Although my Philadelphia partner’s bridge-playing wife’s retirement has ended our playing together, at the Atlanta nationals he had asked Bob Fisk, a successful Cincinnati player, to get me involved in this area. Bob lined me up with several folks to play at the Cincinnati Bridge Center where I have averaged several plays a month over the past year. It was play with two of them in 3 area Sectional events, the last being in August at Hebron, KY, where I earned the silver points needed to achieve the rank of NABC Master. Mostly, however, I play on BBO, either solitaire or the 8-hand imp individual instant tournament.
Thank you for your congratulations! As a new player I'm still getting used to it all. I feel I'm under false pretenses because I have retired to NC and all the points are from playing here. The trick was finding people to play with steadily and who are interested in improving. We have a four-way team here and meet weekly to discuss conventions and playing strategies. ACBL has been great although it won't let me on the site to register. (When I put the http etc. in the browser, it tells me no such site exists.) My goals are simply to have fun and continue honing my skills! Thanks again!!
Beth, Thank you for the notice and congratulations. My story is not very exciting, but here goes:
I learned to play bridge almost 45 years ago. Friends of my husband and me taught us and I fell in love with the game from the get-go. My husband didn't have the same love of the game, so I got involved with monthly "kitchen" games with friends or got involved with Newcomers Club groups when we moved to new areas. I moved to Ohio over 30 years ago and got away from the game for a few years until I made friends with a co-worker who also loved to play bridge. She go me involved in a couple of bridge groups that she was part of. After I retired, she also encouraged me to join the local Senior Center, where she and I started playing duplicate together. Over a year ao, they started a sanctioned game a couple of times a month. That was when I joined the ACBL and started collecting points. It hasn't been hard-I am playing a game that I love and the points are a bonus.
As I mentioned before, I am now retired from the insurance industry. I am single; I have a grown daughter and son, both married. I have 4 grandkids-ages 23, 21, 16 and 12-who I totally enjoy.
Beth, I hope this is what you are looking for. I don't have a picture to share. Thank you.
Mary Jo Hudson
Thanks for your e-mail. I appreciated it. Never have I received an e-mail like it from an ABCL official. I am responding as follows:
I am 66 years old. My parents learned to play bridge at the YMCA in the early 1960’s. They loved the game and to assure they could play often, they taught my older brother and me to play when we were in our early teens. It became a regular pastime at the Drennen’s house. Some of my friends even took up the game to hang out with me and my family. There wasn’t a lot to do in Pike County, Ohio in the 1960’s. It was strictly Goren bridge in those days.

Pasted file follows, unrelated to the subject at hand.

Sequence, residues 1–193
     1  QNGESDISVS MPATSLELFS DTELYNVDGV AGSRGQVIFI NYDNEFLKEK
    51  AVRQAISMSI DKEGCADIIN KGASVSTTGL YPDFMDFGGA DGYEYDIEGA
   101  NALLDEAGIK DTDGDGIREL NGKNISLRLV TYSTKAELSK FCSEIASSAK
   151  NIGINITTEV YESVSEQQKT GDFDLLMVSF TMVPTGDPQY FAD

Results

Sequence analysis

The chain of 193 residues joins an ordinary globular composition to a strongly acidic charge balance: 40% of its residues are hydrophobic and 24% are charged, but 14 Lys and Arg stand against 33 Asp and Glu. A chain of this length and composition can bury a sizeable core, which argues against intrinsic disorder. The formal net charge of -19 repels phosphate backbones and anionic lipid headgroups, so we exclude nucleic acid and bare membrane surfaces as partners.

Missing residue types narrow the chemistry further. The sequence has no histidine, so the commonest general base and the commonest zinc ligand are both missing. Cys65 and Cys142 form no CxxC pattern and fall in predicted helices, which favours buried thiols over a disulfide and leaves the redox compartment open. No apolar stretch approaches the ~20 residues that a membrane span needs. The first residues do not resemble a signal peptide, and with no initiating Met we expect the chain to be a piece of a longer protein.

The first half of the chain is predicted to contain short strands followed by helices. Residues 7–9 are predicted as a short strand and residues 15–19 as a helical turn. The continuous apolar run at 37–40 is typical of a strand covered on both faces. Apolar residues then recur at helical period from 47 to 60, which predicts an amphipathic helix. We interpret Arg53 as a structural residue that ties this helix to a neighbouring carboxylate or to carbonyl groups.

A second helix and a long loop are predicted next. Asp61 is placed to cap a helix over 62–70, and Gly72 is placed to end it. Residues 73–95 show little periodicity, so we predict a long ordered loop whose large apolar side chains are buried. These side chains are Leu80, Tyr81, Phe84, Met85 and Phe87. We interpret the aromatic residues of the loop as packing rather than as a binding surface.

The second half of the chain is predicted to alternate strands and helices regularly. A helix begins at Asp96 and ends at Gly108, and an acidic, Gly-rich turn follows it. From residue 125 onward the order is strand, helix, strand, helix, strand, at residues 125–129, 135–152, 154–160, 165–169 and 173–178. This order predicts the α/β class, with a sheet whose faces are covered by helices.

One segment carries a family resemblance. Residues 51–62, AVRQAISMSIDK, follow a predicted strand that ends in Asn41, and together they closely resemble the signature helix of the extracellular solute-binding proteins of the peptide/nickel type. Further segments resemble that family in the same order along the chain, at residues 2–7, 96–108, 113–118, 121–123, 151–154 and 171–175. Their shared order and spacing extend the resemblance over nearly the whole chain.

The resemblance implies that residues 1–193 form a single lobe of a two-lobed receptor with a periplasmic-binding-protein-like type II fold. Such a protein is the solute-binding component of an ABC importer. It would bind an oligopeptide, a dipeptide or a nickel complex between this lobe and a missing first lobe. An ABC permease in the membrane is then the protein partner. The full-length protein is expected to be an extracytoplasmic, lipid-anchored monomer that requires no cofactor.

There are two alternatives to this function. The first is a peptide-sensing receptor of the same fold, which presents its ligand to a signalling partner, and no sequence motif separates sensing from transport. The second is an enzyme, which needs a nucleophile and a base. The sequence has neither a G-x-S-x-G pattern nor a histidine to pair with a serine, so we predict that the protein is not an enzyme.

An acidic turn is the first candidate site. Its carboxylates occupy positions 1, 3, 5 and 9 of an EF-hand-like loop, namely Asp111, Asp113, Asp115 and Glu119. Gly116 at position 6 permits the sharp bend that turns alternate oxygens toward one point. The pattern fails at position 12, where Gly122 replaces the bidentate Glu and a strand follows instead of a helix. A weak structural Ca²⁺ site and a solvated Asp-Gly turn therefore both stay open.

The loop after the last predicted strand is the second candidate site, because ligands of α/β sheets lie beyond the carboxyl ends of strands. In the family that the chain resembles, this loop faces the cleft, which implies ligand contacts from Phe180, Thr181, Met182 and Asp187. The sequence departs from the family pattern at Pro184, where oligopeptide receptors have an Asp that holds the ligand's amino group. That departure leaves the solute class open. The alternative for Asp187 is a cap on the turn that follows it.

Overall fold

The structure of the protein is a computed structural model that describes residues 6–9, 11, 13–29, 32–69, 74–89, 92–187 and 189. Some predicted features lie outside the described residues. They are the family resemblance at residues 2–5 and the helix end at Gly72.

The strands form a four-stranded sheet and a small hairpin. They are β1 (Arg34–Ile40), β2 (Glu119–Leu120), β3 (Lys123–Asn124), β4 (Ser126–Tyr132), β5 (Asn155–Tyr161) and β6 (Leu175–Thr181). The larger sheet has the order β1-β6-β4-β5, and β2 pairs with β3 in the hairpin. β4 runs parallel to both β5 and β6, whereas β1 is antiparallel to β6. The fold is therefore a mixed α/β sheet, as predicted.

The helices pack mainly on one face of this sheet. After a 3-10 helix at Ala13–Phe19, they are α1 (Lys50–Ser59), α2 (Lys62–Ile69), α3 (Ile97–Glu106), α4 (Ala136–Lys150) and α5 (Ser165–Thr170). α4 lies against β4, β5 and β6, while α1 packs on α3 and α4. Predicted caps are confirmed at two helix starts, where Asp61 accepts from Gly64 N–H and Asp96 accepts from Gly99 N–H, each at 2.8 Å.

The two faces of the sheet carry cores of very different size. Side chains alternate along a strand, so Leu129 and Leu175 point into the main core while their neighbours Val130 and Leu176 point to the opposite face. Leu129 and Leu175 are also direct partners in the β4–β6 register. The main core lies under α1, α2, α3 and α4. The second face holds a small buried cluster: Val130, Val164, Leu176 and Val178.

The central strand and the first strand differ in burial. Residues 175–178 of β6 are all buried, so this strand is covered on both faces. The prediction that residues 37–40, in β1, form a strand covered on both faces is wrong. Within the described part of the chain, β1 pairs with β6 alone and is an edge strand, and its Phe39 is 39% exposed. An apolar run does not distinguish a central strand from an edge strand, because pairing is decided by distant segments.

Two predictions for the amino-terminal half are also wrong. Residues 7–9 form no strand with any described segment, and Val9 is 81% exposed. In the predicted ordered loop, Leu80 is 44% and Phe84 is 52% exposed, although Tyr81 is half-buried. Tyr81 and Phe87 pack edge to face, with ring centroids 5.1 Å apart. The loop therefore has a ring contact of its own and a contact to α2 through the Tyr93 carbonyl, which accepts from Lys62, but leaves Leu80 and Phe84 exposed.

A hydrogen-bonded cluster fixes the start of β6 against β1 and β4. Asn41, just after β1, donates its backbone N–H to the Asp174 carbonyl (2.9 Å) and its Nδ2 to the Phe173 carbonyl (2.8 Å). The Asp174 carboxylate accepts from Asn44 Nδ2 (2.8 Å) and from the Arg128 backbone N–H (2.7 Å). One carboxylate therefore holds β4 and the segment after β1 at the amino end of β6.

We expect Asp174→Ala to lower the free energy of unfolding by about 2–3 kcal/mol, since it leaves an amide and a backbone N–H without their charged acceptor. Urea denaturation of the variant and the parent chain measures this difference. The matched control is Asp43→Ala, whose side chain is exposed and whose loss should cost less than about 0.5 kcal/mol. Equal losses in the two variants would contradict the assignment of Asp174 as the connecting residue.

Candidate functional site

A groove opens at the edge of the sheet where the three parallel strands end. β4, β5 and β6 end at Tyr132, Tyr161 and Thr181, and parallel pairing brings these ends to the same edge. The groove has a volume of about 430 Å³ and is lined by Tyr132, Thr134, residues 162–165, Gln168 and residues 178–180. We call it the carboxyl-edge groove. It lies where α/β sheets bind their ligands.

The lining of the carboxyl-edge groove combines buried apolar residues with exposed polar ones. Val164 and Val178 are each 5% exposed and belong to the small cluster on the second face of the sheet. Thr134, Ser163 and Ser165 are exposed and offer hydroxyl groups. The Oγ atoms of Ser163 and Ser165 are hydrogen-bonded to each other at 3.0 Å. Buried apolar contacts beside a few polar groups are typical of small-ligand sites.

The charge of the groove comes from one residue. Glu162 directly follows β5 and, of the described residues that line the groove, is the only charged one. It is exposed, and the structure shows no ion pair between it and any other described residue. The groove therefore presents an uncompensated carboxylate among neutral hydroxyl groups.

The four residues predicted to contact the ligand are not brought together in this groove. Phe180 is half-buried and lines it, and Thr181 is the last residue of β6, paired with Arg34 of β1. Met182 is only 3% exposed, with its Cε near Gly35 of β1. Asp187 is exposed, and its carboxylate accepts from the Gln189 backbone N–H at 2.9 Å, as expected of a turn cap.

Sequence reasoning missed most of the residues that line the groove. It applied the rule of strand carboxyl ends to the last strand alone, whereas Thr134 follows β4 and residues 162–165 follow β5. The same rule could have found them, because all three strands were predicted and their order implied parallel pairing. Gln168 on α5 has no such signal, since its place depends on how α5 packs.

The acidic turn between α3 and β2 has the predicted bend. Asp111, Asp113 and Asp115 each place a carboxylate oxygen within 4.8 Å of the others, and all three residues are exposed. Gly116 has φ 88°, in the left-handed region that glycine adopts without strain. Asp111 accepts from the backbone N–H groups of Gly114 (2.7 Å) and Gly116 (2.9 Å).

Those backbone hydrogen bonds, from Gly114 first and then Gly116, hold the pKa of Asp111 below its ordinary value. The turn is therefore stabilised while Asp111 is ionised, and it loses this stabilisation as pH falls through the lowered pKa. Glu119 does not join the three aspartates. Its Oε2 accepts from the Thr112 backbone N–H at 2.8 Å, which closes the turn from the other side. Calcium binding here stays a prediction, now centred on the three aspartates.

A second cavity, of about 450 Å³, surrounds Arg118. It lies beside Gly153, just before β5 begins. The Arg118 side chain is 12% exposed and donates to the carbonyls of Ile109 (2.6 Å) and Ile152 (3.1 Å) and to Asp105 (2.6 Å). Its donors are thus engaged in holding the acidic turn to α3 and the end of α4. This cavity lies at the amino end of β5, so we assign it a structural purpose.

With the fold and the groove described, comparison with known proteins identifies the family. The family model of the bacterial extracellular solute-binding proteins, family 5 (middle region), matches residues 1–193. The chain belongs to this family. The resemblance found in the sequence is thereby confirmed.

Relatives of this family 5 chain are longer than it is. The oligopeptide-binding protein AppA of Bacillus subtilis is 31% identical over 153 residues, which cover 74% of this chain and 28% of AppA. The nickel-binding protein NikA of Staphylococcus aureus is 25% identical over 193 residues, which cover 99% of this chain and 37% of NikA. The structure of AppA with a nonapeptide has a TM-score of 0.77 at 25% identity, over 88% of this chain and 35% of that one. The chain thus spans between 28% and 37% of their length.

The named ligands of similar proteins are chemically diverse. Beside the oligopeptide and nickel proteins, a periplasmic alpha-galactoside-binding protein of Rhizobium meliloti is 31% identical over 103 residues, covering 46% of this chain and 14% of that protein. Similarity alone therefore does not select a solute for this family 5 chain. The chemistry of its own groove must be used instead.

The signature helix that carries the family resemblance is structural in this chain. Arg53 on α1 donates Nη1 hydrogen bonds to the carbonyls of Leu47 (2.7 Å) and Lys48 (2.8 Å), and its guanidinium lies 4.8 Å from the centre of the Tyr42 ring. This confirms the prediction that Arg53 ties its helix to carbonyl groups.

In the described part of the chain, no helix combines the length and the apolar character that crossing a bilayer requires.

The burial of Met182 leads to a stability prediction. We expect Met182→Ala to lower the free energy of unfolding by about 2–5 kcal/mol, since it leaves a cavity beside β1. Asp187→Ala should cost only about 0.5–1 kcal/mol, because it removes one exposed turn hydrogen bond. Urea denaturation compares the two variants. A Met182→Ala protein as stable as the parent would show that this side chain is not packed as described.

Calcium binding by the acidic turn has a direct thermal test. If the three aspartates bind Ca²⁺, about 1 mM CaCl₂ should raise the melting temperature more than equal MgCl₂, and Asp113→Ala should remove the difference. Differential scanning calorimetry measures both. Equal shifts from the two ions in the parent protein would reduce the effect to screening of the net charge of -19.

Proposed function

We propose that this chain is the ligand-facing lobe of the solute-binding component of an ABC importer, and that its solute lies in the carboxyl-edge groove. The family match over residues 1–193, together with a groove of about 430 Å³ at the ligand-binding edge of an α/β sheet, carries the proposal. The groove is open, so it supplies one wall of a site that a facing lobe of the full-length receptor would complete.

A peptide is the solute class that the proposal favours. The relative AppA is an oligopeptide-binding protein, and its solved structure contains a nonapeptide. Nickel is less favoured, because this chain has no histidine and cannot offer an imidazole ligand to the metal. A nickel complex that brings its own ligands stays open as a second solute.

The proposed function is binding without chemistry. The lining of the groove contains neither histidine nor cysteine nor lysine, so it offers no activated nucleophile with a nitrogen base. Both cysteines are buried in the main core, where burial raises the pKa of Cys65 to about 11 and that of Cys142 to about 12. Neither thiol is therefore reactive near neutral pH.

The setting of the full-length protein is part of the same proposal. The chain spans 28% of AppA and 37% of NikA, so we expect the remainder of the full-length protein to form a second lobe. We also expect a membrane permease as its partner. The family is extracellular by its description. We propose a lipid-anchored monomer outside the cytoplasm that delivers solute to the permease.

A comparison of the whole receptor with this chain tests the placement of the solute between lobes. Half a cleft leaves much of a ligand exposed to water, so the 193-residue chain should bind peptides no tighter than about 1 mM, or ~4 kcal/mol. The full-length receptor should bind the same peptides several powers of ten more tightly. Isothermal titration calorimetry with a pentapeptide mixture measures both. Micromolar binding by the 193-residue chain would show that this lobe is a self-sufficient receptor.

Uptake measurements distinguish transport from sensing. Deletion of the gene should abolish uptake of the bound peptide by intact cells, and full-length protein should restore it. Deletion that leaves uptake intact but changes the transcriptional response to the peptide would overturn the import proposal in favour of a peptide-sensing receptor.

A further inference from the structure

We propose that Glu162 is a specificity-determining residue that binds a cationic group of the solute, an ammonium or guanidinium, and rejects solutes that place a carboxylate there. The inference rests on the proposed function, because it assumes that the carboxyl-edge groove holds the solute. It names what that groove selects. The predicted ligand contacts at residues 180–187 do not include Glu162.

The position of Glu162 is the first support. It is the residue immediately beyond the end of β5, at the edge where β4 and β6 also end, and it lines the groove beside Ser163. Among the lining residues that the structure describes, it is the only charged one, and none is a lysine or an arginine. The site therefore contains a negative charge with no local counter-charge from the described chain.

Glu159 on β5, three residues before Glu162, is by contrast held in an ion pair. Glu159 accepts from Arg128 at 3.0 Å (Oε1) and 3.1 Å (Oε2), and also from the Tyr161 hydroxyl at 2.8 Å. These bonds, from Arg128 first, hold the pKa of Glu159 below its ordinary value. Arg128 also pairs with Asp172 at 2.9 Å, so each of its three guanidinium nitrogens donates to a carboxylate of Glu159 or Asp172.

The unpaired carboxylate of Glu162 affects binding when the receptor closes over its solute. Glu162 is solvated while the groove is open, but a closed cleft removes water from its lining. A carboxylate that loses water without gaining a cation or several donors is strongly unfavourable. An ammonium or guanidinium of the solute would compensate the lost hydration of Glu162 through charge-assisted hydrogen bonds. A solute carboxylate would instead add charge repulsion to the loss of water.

I went off to OSU and played no bridge for 4 years. After graduation, I returned to my home town to find a number of former high school friends had come back to look for work and live with their parents until they could launch themselves. There was not a lot to do in a small town. You could party, play tennis and water ski (in the summer). We decided to play bridge. There were 6 or 7 of us. One fellow was the valedictorian of my high school class. He attended MIT and dropped out in his last year to go kibbutz the spring National bridge tournament in Boston. I am not sure if he ever finished his degree.
During this brief period in my life, a friend of my father became a bridge mentor. He introduced me to duplicate bridge. My parents only played socially and rubber bridge, so this was a whole different aspect of the game of which I was unaware. What I remember about it was we would drive to Portsmouth, Ohio to a restaurant called Harold’s Club where there was a sanctioned ACBL game. Howard, my mentor, would usually buy me dinner and we would drink Scotch whiskey and play against what I perceived to be these really ancient people. I was 22 years old. Howard and I won some rounds – enough that I joined the ABCL and recorded my first master points.
In the meantime, my friends and I were playing bridge hours on end – every chance we had. Some were real students of the game and freely shared strategies, which I picked up by assimilation. I did not study bridge. I learned the odds of playing for a “stiff” king to drop, distributional splits, end plays, some popular conventions of the time. One buddy was learning squeeze plays, which to this day I do not know how to pull off. A girlfriend and I started playing duplicate games in Chillicothe, Ohio at the YMCA where my parents learned to play. We were playing well and trying some of the modern conventions of those times.
Then life took a turn and I left my hometown for good. I did not play bridge again for nearly 40 years. I seemed always to be in a place where card playing did not happen or was not part of the culture. I always missed the game and wished I could find people who wanted to play. It was not to be.
I moved from the South back to Ohio in 2012. Friends here invited me to start playing again. One friend had recently learned the game and was totally “hooked”. She invited me to attend lessons and play at the Bridge Center in Kettering. I was nervous, especially when I realized the game had changed so much! I had a lot to learn and some of what I had learned in the past was going to have to be revised! I checked with ACBL to see if the few Master points I had earned back in the early 1970’s were still recorded and, by golly, they were!